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The World Outside My Window — Timelapse of Earth from the ISS
This is one of the few pics/vids I’ve seen that actually gives a sense of the ISS in motion, flying over the Earth, as opposed to the Earth just slowly rotating beneath it.
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In space, no one can hear you sew. NASA Astronaut Karen Nyberg took a few down moments on the International Space Station to cobble this together for her son. “It is made out of velcro-like fabric that lines the Russian food containers [that are] found here on the International Space Station,” Nyberg wrote about the dinosaur. “It is lightly stuffed with scraps from a used t-shirt.” Nyberg brought the needle and thread amongst her personal effects.
Today’s photo is sunrise, the windows glinting and solar array gilded in the unbelievably harsh morning light.
The STS-119 crew captured these dramatic images of the International Space Station on March 19, 2009 as Discovery flew around the orbiting complex after undocking.
NASA astronaut Don Pettit recently uploaded a gallery of photos to the Johnson Space Center’s Flickr page. Pettit on how he captured these amazing images:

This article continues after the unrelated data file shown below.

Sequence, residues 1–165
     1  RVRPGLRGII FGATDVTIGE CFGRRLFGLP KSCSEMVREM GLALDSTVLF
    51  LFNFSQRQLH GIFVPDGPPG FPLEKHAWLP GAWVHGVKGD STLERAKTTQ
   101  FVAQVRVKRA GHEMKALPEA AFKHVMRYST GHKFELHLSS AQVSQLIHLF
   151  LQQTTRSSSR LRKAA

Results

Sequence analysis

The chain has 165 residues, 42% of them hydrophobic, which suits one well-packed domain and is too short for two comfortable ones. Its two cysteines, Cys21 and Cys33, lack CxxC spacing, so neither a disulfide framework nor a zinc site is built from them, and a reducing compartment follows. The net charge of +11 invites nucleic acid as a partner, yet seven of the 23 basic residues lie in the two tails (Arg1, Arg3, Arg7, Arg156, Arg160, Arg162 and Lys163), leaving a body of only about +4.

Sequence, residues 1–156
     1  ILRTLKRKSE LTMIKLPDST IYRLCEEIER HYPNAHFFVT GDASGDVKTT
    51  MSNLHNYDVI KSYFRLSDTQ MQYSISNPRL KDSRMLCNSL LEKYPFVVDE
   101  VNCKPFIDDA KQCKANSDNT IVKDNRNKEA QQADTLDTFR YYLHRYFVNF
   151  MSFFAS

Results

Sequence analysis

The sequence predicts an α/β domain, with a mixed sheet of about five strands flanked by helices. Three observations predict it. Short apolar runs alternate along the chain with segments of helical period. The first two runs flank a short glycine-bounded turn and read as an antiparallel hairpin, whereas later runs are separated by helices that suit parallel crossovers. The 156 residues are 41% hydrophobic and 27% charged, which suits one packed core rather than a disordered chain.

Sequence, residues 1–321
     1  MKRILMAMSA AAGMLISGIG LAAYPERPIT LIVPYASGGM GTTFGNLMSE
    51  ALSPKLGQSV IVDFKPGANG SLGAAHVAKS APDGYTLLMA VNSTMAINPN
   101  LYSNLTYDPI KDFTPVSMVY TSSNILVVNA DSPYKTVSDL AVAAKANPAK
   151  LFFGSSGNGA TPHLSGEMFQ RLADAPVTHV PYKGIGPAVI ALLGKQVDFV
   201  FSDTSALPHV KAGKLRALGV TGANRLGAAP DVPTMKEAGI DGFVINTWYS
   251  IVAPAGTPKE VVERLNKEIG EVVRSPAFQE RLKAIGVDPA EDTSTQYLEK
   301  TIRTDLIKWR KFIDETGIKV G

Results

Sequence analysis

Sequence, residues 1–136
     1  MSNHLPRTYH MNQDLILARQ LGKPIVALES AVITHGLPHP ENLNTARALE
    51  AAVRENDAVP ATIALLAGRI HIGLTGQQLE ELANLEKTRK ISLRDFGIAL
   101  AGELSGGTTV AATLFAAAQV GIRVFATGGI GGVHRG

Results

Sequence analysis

“My star trail images are made by taking a time exposure of about 10 to 15 minutes. However, with modern digital cameras, 30 seconds is about the longest exposure possible, due to electronic detector noise effectively snowing out the image. To achieve the longer exposures I do what many amateur astronomers do. I take multiple 30-second exposures, the ‘stack’ them using imaging software, thus producing the longer exposure.”
Ed note: Here are the Hubble Space Telescope’s finest photos.
h/t Twisted Sifter
Source: Flickr / nasa_jsc_photo
Cranking them out tonight…
Other sets in the series:
Progress 46 leaves the ISS. Filled with waste, it is due to burn up in the atmosphere of Earth over the Pacific Ocean.
Space Station Over Moscow (by NASA: 2Explore)
Source: Flickr / nasa2explore
European cargo ATV “Edoardo Amaldi” firing its vernier engines on final approach to the ISS’ “Zevda”-module.
Photographed by US astronaut Donald Pettit.
Cairo, Egypt. View from the International Space Station
An astronaut photo released by the NASA Earth Observatory on December 26, 2011 and acquired on December 4, 2011 from the International Space Station (ISS) shows the city lights of Spain and Portugal define the Iberian Peninsula. Several large metropolitan areas are visible, marked by their relatively large and brightly lit areas, including the capital cities of Madrid, Spain. The ancient city of Seville, visible to the north of the Strait of Gibraltar, is one of the largest cities in Spain. The astronaut view is looking toward the east, and is part of a time-lapse series of images.
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